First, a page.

Pennsylvania law precludes an award of alimony if a party is cohabitating with a member of the opposite sex or gender who is not a member of the family of the petitioner within the degrees of consanguinity. But what constitutes “cohabitation?”

Cohabitation is determined by the specific circumstances in the case. The Pennsylvania Superior Court has explained that “cohabitation may be shown by evidence of financial, social, and sexual interdependence, by a sharing of the same residence, and by other means.” Moran v. Moran, 839 A.2d 1091, (Pa. Super. 2003). In Moran, a wife’s request for alimony was denied where she began residing with a man after separation but before the entry of final decree. Wife and her paramour lived together, spent money on food together, shared bank account and expenses. The Court determined that these factors showed “interdependence” and therefore alimony was not awarded. It did not matter that the wife separated from her paramour before the divorce master’s hearing.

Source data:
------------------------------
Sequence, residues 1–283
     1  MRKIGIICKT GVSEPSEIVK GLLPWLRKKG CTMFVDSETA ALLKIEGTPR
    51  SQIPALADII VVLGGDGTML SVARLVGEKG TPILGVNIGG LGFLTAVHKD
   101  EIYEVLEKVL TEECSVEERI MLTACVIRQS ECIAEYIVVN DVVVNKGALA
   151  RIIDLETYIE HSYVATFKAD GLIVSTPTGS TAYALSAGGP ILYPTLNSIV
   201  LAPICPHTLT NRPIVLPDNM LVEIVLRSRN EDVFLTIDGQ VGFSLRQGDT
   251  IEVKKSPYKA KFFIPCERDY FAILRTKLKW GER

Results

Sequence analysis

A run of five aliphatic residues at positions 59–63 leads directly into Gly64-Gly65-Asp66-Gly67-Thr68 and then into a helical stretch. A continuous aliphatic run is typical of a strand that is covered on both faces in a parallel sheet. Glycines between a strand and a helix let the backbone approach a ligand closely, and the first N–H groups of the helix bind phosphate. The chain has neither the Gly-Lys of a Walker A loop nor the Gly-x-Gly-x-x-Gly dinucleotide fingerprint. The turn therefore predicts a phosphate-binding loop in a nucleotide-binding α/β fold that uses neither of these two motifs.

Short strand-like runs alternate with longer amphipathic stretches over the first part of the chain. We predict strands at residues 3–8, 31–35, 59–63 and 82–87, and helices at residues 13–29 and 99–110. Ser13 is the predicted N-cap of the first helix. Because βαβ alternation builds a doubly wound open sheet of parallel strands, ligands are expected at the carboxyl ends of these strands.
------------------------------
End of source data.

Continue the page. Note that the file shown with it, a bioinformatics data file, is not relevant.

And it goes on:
It is important to remember that alimony is designed to meet the needs of a former spouse who is unable to support himself or herself through appropriate employment. It is based upon the reasonable needs of a former spouse in accordance with the lifestyle and standard of living established by the parties during the marriage, as well as a former spouses’ ability to pay. The primary purpose to provide a spouse with sufficient income for his / her needs after the divorce. Alimony is not to reward a party or punish a spouse.

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